Volume 9 | October 2016
This article explores the use of social networks for political participation in contemporary Spanish society. Online social networking and the mobilization of thousands of people require leadership with the ability to respond quickly and make the multiple connections necessary for a purposeful organization to function. This hypothesis leads us to establish a classification of three key elements to consider when talking about participation through social networks: first, who calls for participation and who participates; second, what purpose is pursued with such participation; and third, how does participation take place. This article focuses on the context of Spain and the role played by Facebook and Twitter, two of the most relevant social networks. It analyzes data gathered in the 2011-2014 period, when economic and social crisis in Spain fostered several civic movements, two of which, M-15 and the Anti-Evictions Platform, will be analyzed in this article. These brief case studies illustrate contemporary political activism and outcomes connected to social networks in Spain.
Keywords: Economy, crisis, evictions, social media, social mobilization, Facebook, Twitter
Introduction and Literature Review
Who is on Social Networks?
The rapid development of mobile phones, tablets and other technological advances have blurred the temporal and spatial barriers that limited individuals, allowing them to access, from anywhere and at any time, information flowing through the net. Research suggests that one out of every two times we access the internet we log on to a social network (Carcar, 2015; García, del Hoyo & Fernández, 2014; Chen, 2011; García & Gértrudix, 2009). Spanish data documents this trend. The Observatorio Nacional de las Telecomunicaciones y de la Sociedad de la Información (The National Observatory for Telecommunication and Information Society) reported that 70% of Spanish households had internet access in the first half of 2014 (2014). According to Eurostat (2015), between 2007 and 2013, 66% (six percentage points below the European average) of individuals regularly use the Internet in Spain.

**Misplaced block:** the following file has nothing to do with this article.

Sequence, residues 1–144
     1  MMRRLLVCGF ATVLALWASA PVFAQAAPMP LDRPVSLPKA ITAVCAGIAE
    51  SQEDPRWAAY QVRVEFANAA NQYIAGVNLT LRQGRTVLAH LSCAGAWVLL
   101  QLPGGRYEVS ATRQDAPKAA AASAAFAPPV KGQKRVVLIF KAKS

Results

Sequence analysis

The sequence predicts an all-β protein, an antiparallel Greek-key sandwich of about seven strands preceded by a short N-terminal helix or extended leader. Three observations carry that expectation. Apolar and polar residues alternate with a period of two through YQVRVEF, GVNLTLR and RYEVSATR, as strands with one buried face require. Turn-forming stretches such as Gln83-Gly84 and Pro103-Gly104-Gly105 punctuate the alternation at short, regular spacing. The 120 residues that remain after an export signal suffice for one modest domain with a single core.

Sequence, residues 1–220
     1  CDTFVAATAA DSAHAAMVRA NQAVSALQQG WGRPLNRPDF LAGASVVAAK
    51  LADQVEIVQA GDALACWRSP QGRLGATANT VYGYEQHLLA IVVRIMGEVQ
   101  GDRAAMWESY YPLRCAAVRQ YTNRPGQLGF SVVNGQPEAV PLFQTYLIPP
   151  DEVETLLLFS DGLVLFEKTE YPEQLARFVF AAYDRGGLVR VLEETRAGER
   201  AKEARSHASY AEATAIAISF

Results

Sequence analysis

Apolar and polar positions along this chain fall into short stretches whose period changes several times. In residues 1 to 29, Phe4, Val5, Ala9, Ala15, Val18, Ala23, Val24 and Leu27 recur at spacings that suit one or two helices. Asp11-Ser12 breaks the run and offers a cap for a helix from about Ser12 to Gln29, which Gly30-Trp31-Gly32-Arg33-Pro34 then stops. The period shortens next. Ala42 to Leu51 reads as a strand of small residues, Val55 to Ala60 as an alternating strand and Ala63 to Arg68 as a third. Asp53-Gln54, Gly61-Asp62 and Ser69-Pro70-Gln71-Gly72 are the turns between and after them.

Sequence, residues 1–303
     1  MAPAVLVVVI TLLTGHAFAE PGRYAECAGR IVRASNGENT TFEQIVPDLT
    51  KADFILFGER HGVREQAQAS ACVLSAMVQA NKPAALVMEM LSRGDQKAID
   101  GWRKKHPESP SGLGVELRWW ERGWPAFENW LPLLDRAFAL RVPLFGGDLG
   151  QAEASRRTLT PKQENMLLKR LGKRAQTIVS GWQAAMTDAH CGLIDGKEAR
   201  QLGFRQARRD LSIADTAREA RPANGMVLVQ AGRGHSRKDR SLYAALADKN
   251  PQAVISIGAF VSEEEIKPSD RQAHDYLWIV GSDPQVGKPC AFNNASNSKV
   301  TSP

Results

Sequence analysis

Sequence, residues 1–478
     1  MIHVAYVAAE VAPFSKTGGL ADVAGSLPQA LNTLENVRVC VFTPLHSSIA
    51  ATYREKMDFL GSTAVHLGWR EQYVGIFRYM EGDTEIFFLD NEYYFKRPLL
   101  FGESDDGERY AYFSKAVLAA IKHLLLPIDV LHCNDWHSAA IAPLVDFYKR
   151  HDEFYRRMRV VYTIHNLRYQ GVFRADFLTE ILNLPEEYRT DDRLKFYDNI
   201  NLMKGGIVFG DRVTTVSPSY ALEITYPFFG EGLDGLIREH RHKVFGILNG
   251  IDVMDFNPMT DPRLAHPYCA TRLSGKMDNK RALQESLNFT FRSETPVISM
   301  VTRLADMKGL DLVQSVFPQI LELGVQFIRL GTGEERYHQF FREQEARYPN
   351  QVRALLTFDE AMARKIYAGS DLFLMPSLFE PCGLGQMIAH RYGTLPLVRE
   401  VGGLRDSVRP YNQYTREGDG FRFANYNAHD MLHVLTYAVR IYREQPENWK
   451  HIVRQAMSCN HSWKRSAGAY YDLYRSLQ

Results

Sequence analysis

For its part, the 6th Wave of Observatorio de Redes Sociales 2014 (Observatory for Social Networks 2014), (“The Cocktail Analysis,” 2014), placed the use of social networks among Spanish internet users at 90%, and the 5th Annual Survey of Social Networks (IAB, 2014) notes that usage increased from 51% in 2009 to 79% in 2013. While these figures do not completely coincide with each other, they all point to widespread and growing use of internet and social media in Spain.
Online social networks allow users to create a personal profile, connect with other users, and browse profiles or contacts (Boyd & Ellison, 2007). These profiles allow individuals to have detailed information about other individuals on the network, including interests, musical tastes, life preferences, and an endless amount of past, present, and even future personal information. Users can also communicate with each other through a wide range of tools that include sending private messages, chatting, leaving public comments on users’ walls, and sharing photos, videos, or other content.
There are differences between the social networks that have emerged in recent years, mainly based on the specificity of their content. Although some figures suggest a slowdown in the growth of the major social networks, penetration numbers are still quite significant: Facebook, present in the vast majority of countries, with daily active users exceeding 600 million, is a network that facilitates the exchange of information on social relationships in real or virtual life across the world (Manzoor, 2016)